What is it about American horror movies that make them stink so much? Filmmakers here rely too much on gore, blood and special effects to make people jump rather than making something genuinely creepy. It seems the rest of the world has got it right, and every time they make a good film, Americans remake it. The Ring was originally Ringu from Japan, and the remake of the sequel is on the way. Stretching the genre towards psychological thrillers gives two Spanish films, Open Your Eyes remade unsuccessfully as Vanilla Sky, and Intacto which will also get the remake treatment. So what about a good film like The Others? Well, it was the brainchild of Spanish director Alejandro Amenabar, who also gave audiences the aforementioned Open Your Eyes. Now comes The Eye, a genuinely creepy film that plays like superficially like The Sixth Sense (okay, M. Night Shyamalan is probably the only decent horror director here) in that the lead character sees things that others don't. It did boffo box office numbers in Asia, and is yet another film that Americans are planning to remake.
The Eye comes from the minds of the Pang Brothers, Danny (Bangkok Dangerous) and Oxide (Bangkok Haunted, One Take Only) of Thailand, although their filmmaking style owes a lot to Hong Kong. Their film Bangkok Dangerous had a limited release in the States, and it was a stale action movie cliche. Still, the only other Thai movie in recent memory to receive domestic distrubtion was The Iron Ladies, and the less said about that film the better. If The Eye is any indication, horror may be their strong point. They definitely have fun in scaring their audience, as the first minute of the film demonstrates. The Eye concerns strange visions that Mun (Lee Sin-Je, Princess D, Betelnut Beauty) is having. Mun, who was blind since the age of two, just finished an operation that restored her sight. She is undergoing a period of adjustment, where things appear blurry and bright lights hurt her. Dr. Wah (Lawrence Chou, Merry-Go-Round, Heroes in Love) is there to help her assimilate to life with sight. He remarks that sometimes, blind people who regain their sight have psychological problems adjusting to life.
It is this fact that makes Mun initially doubt what she thinks she is seeing. Things look out of focus to her, so in the hospital she thinks she sees a man leading a woman away. The next morning, she discovers the woman died. She sees a man standing in the middle of traffic. Voices and people appear from nowhere, then disappear. At home, she keeps running into a boy asking for his report card, and at night, horrific nightmares plague her. Mun begins to believe that something is really wrong with her, and Dr. Wah obviously doesn't believe her. As time goes on, the nightmares become worse and Mun sees more 'ghosts.' The Pangs directed and co-wrote the script with Jo Jo Yuet-chun Hui (Three), and the best thing they did was to make Mun's sight bad. Because she cannot see clearly, everything around her is a blur. She cannot tell if what she thinks she is seeing is real or not. The Pang brothers do a good job and blurring images on screen to make it look like the viewer is seeing things through Mun's eyes. The viewer knows that whatever is out of focus is wrong (Mun initially doesn't), and not being able to see it clearly just makes it worse.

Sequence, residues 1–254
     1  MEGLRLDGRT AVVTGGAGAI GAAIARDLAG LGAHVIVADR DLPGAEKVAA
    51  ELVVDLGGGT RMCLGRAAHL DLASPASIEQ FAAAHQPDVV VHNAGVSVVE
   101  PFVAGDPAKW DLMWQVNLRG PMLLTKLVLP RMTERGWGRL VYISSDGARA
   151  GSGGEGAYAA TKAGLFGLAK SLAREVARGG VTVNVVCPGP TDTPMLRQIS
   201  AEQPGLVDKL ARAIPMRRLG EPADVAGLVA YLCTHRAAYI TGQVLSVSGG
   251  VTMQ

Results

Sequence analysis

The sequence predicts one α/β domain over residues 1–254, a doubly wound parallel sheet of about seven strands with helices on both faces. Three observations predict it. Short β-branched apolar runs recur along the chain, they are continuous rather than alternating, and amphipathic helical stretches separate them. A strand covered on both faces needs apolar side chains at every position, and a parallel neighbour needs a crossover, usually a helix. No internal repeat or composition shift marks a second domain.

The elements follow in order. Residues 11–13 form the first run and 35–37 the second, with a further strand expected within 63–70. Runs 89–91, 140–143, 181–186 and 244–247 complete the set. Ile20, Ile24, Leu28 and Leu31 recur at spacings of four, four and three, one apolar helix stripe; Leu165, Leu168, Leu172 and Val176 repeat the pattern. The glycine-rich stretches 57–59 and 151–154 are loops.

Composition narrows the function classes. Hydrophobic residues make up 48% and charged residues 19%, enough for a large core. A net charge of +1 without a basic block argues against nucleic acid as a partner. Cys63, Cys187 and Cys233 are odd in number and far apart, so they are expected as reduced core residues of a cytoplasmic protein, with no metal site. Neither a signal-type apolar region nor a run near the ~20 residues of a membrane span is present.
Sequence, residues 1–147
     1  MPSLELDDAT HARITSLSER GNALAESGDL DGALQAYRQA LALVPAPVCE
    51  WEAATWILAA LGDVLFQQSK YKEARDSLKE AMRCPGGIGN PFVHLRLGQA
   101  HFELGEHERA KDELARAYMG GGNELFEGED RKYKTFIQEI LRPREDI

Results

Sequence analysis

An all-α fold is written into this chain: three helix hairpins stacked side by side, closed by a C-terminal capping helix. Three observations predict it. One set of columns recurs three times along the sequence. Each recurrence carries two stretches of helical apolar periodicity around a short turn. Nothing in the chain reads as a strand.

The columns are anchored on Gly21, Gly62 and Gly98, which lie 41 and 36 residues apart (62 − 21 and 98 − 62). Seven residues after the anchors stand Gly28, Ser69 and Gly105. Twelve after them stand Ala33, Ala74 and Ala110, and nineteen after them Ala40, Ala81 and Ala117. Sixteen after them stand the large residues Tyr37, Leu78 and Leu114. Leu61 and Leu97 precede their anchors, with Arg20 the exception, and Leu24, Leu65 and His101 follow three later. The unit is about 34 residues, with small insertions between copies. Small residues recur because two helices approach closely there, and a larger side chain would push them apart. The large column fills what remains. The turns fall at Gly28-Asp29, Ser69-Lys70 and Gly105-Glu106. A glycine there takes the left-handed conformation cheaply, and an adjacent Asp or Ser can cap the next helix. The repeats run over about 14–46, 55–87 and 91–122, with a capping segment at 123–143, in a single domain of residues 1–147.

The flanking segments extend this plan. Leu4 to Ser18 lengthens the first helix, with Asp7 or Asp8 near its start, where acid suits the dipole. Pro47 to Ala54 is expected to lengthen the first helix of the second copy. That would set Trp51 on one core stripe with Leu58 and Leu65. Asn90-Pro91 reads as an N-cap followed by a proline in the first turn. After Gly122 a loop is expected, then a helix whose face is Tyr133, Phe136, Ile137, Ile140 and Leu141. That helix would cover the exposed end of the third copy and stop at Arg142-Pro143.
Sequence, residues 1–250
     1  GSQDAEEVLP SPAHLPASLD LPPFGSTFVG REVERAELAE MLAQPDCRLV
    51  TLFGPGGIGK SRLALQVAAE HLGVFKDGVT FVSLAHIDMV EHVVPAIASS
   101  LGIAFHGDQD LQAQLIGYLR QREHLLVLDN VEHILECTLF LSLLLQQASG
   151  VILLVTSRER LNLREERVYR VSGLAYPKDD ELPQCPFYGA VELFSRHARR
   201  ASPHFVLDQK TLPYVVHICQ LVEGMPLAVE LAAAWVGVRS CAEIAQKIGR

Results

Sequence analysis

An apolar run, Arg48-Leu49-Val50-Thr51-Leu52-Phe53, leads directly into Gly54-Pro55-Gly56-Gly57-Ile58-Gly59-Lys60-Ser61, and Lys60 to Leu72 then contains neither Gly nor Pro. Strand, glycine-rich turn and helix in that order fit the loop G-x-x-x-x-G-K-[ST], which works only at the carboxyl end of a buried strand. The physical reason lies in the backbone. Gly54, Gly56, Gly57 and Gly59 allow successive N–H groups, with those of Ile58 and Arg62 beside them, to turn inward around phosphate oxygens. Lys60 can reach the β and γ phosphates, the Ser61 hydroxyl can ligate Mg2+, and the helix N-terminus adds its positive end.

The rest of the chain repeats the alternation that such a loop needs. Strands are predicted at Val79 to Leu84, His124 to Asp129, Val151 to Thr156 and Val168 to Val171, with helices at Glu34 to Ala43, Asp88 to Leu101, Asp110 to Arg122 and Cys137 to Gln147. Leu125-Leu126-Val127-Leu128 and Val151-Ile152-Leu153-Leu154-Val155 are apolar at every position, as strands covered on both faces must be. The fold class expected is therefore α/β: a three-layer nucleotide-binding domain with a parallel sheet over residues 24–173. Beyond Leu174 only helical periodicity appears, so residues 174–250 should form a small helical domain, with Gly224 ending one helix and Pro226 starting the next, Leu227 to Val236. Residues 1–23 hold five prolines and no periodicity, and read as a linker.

The Pang brothers then cast everything in near darkness. Since Mun is blind, this is not a problem for her. However, it improves the overall feeling of dread in the film. They then throw in some creepy music (along with some annoying selections) and plenty of loud, jolting noises. Lee (a pop star in Taiwan) gives a credible performance of a woman falling apart at the seams. Mun is timid with her newfound sight, yet curious and adventurous enough to explore. She dreamed of regaining her sight for years, but now that she has it, it is turning into one huge nightmare. She doesn't know what is happening, and doesn't know what to do. Her one instinct is to retreat into her room and recreate a sense of blindness. Best of all is that the Pang brothers are out to give the audience a good thrill. They know when it is good to show something on screen, and when it is good to not show it. It is all about the anticipation (check out one of the longest and excruciating elevator rides in memory), and by the end of the film, the audience is eating out the hands of the Pangs.
|Mongoose Rates It: Pretty Good.|
|1 hour, 41 minutes, Cantonese, Mandarin, and Thai with English subtitles, Not Rated but contains scary moments, probably a PG-13, maybe an R.|
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